Manawatu A&P Show brings a bit of the country to town
Plenty of punters shoved their snouts through the gates at Manfeild to get their full of the Manawatu A&P Show.
The two-day event saw thousands brave the see-sawing weather to head to Feilding and check out everything the annual show had on offer.
The show featured animals, tractors, hot chips and more.
Manawatu A&P president Ash Hazlitt said the petting ring had been popular, with children taking the chance to get up close to a variety of animals.
Lots of children from smaller rural blocks had made their way to be part of the show, which was encouraging to see, he said.
But one thing the children would not be competing in was the excavator operation competition, where people used excavators to do unorthodox tasks.
Some of those included painting letters on paper, slam dunking a basketball and pouring a cup of tea.
Trevor Blenkiron said the tasks chosen were a mix between trying to put on a show and testing the operators' skills.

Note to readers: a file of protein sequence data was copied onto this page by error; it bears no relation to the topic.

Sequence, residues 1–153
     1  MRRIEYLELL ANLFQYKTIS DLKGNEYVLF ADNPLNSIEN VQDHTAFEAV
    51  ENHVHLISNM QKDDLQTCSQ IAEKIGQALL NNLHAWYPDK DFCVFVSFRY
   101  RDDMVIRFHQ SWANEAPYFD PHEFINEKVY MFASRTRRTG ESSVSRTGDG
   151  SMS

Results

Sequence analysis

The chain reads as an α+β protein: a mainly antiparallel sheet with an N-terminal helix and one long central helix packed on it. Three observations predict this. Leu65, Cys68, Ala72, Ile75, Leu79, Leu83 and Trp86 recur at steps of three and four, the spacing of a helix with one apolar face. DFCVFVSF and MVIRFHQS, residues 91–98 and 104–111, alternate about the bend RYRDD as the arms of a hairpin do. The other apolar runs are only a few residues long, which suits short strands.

"The painting shows the finesse you can do with some machinery."
There was also a health and safety test to ensure operators were up to speed on that front, he said.
The competition acted as the regional heats for the national excavator operation finals, which will be held at the Central District Field Days at Manfeild in March next year.
Cameron Wait from CablePrice said the competitors were using his latest piece of equipment - a Hitachi ZX130 - and he was impressed with how it had performed.
Pig breeder Paul Peck was well away from the excavators, keeping a good eye on his pig Kerry Glen Sweetrose III , which took out the supreme champion ribbon despite being due to give birth within 48 hours.
Sweetrose I was the mother, while Sweetrose II had been sold, he said.
"My dad started breeding in 1944, 1945, and did his first show in Levin in 1946.
"We haven't missed one since."
Learning what pigs had ribbon potential came down to experience, he said.
"You get an eye for it, picking out a really nice animal."